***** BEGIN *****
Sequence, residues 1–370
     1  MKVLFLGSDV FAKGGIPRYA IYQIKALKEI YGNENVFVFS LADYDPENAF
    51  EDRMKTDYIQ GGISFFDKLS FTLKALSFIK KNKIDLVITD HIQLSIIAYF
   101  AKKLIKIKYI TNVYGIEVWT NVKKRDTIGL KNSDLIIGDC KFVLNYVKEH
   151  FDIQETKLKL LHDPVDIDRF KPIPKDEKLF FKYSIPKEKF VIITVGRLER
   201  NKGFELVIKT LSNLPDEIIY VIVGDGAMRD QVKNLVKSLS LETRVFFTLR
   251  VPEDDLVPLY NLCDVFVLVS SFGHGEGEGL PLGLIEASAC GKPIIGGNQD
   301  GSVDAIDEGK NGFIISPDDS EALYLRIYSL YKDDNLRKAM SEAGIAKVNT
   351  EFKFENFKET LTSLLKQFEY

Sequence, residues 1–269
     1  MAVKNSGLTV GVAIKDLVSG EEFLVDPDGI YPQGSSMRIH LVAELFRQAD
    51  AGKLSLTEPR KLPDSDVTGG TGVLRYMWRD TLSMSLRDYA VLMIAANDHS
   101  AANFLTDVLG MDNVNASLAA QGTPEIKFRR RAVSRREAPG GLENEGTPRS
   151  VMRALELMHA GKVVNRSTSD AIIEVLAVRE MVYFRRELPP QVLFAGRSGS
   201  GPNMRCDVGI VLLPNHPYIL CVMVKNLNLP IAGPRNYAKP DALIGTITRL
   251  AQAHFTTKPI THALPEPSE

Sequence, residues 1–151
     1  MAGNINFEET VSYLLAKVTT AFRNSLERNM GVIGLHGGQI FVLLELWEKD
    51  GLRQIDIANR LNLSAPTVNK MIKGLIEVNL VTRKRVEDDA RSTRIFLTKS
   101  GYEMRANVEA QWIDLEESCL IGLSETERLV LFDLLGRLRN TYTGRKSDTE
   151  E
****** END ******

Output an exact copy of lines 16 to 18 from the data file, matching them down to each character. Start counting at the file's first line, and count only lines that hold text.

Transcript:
   251  AQAHFTTKPI THALPEPSE

Sequence, residues 1–151
     1  MAGNINFEET VSYLLAKVTT AFRNSLERNM GVIGLHGGQI FVLLELWEKD